12491-Schmidt, Nathan

Nathan W. Schmidt, PhD

Associate Professor of Pediatrics

Adjunct Associate Professor of Microbiology & Immunology

(317) 278-5701
Department of Pediatrics Division of Infectious Diseases
1044 W Walnut Street, R4-470
Indianapolis, IN 46202


Nathan Schmidt, PhD, received a BS in Biology from Olivet Nazarene University in 2001 and a PhD in Microbiology and Immunology from Indiana University in 2005.  He did postdoctoral work at the University of Iowa. Dr. Schmidt joined the faculty in the University of Tennessee in 2011 and then the faculty in the University of Louisville in 2014. In 2019, Dr. Schmidt was recruited to the faculty in Indiana University School of Medicine as an Associate Professor in the Department of Pediatrics and a member of Ryan White Center for Pediatric Infectious Diseases and Global Health.  


Dr. Schmidt’s research is focused on malaria, which is a parasitic disease caused by infection with Plasmodium species. Dr. Schmidt is interested in defining the factors that impact the pathogenesis of this disease and identifying novel approaches to prevent children from dying from malaria. One of the observations made by Dr. Schmidt’s research program was that the composition of bacteria residing within the intestinal tract can profoundly impact the severity of malaria. The influence of gut microbiota on malaria remains a central focus of his research interests.

Key Publications

White CE, Villarino NF, Sloan SS, Ganusov VV, and Schmidt NW.  Plasmodium suppresses expansion of T cell responses to heterologous infections.  The Journal of Immunology, 2015, 194:697-708.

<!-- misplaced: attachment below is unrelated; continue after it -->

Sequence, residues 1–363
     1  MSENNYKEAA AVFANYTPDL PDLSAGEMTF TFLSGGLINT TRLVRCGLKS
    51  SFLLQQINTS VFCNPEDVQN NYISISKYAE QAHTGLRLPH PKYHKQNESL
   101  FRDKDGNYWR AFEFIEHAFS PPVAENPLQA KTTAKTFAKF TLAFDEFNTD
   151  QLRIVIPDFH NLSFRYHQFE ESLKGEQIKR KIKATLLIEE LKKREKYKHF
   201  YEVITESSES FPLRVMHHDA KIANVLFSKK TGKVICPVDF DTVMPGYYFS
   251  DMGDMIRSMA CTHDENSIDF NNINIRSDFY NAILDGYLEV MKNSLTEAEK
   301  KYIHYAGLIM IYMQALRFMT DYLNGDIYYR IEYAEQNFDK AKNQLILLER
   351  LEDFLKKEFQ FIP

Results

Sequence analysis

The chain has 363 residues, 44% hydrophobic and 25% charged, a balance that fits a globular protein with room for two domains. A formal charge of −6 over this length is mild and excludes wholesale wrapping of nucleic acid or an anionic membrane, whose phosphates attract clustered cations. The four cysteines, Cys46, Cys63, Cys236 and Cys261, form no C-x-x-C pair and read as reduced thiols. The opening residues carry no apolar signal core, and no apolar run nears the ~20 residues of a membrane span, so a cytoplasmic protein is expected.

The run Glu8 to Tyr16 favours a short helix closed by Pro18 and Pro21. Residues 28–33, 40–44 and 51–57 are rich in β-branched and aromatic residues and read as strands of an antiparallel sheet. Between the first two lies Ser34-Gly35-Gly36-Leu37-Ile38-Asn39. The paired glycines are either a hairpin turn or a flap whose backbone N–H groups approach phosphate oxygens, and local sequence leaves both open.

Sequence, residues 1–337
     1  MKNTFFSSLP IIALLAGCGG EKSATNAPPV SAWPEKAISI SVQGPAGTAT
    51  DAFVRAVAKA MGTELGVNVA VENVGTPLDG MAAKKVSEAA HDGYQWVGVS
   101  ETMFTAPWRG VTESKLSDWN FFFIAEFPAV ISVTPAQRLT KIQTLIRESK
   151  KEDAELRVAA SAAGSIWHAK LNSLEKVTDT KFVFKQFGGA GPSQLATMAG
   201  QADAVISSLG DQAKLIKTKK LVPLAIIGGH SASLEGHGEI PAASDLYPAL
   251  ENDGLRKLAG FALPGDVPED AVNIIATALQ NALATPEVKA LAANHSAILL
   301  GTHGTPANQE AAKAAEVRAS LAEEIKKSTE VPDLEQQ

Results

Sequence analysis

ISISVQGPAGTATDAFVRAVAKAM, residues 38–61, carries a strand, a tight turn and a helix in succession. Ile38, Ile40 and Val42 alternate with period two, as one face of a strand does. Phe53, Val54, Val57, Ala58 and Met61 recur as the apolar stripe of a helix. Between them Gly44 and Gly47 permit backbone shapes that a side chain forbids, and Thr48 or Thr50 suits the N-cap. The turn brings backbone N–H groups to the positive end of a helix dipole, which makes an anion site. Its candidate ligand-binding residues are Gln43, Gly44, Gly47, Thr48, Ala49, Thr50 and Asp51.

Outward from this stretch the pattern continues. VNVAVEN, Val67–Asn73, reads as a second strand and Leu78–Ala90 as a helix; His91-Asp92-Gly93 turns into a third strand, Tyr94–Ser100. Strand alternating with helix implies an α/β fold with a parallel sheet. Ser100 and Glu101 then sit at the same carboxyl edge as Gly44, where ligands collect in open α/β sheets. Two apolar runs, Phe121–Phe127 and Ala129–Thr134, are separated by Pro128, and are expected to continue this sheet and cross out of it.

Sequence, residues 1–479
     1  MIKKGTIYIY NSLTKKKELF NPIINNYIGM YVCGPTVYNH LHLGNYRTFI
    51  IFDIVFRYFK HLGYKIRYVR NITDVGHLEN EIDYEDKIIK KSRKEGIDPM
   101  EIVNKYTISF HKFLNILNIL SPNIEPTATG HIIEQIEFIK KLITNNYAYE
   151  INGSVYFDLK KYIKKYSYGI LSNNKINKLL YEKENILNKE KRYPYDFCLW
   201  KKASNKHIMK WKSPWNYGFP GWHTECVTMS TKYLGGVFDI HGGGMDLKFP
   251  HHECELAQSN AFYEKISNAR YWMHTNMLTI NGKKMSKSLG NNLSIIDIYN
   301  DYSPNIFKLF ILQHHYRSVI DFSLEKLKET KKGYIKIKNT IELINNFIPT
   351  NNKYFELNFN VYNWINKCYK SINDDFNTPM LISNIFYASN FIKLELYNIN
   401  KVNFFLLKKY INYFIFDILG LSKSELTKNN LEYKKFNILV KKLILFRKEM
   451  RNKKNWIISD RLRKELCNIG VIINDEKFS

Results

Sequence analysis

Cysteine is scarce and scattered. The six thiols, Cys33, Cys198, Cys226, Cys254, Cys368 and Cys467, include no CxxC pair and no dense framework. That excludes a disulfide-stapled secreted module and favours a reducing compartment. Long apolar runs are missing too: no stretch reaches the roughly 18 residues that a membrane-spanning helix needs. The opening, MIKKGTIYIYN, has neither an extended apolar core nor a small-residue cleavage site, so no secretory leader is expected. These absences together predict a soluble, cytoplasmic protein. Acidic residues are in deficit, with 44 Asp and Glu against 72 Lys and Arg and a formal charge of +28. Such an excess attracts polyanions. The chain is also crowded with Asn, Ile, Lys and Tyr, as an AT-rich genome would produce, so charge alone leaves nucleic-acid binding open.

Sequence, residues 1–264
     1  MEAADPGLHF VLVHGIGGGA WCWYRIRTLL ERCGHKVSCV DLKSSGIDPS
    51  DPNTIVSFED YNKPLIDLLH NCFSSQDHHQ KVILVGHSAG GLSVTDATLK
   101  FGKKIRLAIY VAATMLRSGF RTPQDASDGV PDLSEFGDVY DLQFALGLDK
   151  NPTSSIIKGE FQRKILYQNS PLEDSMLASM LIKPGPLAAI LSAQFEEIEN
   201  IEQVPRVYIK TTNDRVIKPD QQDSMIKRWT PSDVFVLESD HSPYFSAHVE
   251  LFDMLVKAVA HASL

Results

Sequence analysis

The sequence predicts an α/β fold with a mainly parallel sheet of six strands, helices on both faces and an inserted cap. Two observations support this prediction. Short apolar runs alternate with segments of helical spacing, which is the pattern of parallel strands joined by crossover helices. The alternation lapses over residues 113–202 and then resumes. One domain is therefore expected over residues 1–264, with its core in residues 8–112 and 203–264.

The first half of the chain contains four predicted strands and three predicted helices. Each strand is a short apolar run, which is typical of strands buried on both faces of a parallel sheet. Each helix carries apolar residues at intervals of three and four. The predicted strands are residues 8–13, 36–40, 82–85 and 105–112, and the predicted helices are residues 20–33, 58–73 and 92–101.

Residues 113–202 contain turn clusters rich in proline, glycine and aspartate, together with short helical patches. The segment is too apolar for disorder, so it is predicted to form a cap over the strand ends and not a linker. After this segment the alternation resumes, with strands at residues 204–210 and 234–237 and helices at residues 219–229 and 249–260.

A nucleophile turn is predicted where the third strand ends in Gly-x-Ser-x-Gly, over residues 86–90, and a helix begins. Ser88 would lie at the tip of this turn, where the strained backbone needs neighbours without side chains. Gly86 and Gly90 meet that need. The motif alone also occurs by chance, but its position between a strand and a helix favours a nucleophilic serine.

Villarino NF, LeCleir GR, Denny JE, Dearth SP, Harding CL, Sloan SS, Gribble JL, Campagna SR, Wilhelm SW and Schmidt NW.  Composition of the gut microbiota modulates the severity of malaria.  Proceedings of the National Academy of Sciences, 2016, 113:2235-2240.

Ippolito MM, Denny JE, Langelier C, Sears CL, and Schmidt NW. Malaria and the microbiome: a systematic review. Clinical Infectious Diseases, 2018, 67:1831.

Denny JE, Powers JB, Castro HF, Zhang J, Joshi-Barve S, Campagna SR, and Schmidt NW. Severity of Plasmodium infection in mice differentially affects gut-liver axis homeostasis. Scientific Reports, 2019, 9:3472.

Mandal RK, Crane RJ, Berkley JA, Gumbi W, Wambua J, Ngoi JM, Ndungu FM, and Schmidt NW. Longitudinal analysis of infant stool bacteria communities before and after acute febrile malaria and artemether/lumefantrine treatment. The Journal of Infectious Diseases, 2018, doi: 10.1093/infdis/jiy740.

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